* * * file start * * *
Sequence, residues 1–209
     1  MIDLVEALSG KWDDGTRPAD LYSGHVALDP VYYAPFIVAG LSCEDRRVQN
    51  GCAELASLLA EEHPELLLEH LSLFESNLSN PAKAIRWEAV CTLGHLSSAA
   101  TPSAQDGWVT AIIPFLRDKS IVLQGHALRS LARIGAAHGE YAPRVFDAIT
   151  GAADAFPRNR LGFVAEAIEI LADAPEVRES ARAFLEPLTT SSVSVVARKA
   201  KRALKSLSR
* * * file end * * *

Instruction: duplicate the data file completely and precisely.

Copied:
Sequence, residues 1–209
     1  MIDLVEALSG KWDDGTRPAD LYSGHVALDP VYYAPFIVAG LSCEDRRVQN
    51  GCAELASLLA EEHPELLLEH LSLFESNLSN PAKAIRWEAV CTLGHLSSAA
   101  TPSAQDGWVT AIIPFLRDKS IVLQGHALRS LARIGAAHGE YAPRVFDAIT
   151  GAADAFPRNR LGFVAEAIEI LADAPEVRES ARAFLEPLTT SSVSVVARKA
   201  KRALKSLSR